An HIV milestone achieved in Cuba
10 Jul 2015 by Carlos Cortés Falla, Principal Technical Advisor, HIV projects, UNDP Cuba
This is a momentous moment for us working in Cuba.
The World Health Organization recently declared that Cuba had eliminated the transmission of HIV and syphilis from mother to child. Cuba is the first country to reach this goal and it is a great milestone for us. But it is also a landmark in the response to HIV globally.
How was Cuba able to achieve this?
Cuba’s comprehensive health system is available for all Cuban citizens equally, and is effective in integrating the health care of mothers and children with the health management of HIV and other sexually transmitted diseases. Because of this integration, Cuba has been able to strengthen its HIV and syphilis prevention efforts by offering early access to prenatal care, testing both pregnant women and their partners for HIV and syphilis (as a standard test that also includes other illnesses), treating women who test positive as well as their babies, and offering caesarean deliveries and alternative solutions to breast feeding, such as pediatric supplements.
These interventions are vital to preventing the transmission of HIV from mother to child. While an HIV positive woman has between a 15 – 45 percent chance of passing the virus to their child during labour, delivery or breast-feeding, the introduction of antiretroviral treatment greatly reduces the probability to just over 1 percent if taken by both the mother and her child during these high risk times. Because of Cuba’s comprehensive prevention programme, by 2013 only two babies were born with HIV and only five babies were born with congenital syphilis.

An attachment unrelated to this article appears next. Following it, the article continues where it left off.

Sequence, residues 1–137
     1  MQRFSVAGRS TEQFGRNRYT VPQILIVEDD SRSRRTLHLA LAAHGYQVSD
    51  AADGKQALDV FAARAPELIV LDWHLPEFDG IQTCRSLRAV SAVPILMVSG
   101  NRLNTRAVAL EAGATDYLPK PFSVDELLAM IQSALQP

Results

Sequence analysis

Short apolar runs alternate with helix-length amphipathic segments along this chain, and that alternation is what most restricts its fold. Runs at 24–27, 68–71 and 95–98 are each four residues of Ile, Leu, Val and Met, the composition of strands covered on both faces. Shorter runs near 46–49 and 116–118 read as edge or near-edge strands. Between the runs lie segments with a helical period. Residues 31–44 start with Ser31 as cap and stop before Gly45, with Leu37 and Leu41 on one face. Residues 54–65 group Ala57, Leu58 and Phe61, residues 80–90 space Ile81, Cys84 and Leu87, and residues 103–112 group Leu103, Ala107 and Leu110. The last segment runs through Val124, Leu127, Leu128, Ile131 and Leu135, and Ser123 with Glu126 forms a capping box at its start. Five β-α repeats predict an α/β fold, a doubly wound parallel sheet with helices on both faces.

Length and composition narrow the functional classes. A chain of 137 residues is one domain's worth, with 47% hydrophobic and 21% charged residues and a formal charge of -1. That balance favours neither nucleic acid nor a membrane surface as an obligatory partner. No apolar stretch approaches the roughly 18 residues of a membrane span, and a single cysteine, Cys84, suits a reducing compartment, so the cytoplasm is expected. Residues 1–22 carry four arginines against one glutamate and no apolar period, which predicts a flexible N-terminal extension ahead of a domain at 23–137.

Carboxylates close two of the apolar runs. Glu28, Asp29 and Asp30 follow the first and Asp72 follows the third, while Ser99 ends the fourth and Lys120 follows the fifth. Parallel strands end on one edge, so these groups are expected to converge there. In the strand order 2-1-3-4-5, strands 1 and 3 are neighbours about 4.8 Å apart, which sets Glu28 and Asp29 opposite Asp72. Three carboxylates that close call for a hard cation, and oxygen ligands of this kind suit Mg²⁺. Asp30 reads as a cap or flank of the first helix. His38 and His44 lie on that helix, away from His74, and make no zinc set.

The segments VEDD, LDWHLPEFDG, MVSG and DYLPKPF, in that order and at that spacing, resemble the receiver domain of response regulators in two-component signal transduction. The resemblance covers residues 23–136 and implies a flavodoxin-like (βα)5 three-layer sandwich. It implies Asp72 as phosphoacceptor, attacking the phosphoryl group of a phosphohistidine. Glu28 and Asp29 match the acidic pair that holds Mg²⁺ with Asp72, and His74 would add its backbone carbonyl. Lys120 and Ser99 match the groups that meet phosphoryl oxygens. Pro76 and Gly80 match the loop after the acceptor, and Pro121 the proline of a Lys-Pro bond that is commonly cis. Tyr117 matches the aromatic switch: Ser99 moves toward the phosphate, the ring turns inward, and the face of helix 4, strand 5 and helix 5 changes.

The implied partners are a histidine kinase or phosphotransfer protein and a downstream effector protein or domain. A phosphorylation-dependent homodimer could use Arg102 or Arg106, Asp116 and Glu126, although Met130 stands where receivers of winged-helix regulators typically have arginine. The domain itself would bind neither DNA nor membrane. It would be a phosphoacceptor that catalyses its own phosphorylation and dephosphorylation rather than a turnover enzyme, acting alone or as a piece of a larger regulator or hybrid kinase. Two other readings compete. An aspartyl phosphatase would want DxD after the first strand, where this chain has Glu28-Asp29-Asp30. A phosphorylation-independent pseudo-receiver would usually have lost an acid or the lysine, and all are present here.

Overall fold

Cuba has had a comprehensive HIV prevention progamme for 15 years. Since 2003 UNDP, with support from the Global Fund to Fight AIDS, Tuberculosis and Malaria, has worked to strengthen this programme. We have trained community based health promoters through out the country and worked to ensure that all pregnant women are tested for HIV in their first prenatal consultation and receive treatment should they need it. We have rehabilitated the health infrastructure, including laboratories, surgery rooms, hospitals, and warehouses, and provided trucks and cold-chain cars to improve transportation of drugs and other supplies. We have purchased specialized equipment for HIV treatment and diagnostic work, diminishing testing times and improving follow-up and treatment quality.
But truthfully, none of Cuba’s gains would have been possible without the dedication and skills of the health sector workers and the mobilization of civil society in the communities. There is a huge team of Ministry of Health workers specifically dedicated to follow-up and supporting pregnant women, conducting a wide variety of activities, ranging from house visits to sophisticated genetic tests.
Cuba’s milestone can be seen as a beacon held up to the rest of the world. It can inspire us to believe that ending the HIV epidemic is possible, and simultaneously reminds us that there is still a lot more work to do. We must sustain the momentum generated by this news from Cuba and strengthen our efforts in other places to make sure that the elimination of HIV from mother to child is a milestone to be achieved around the world.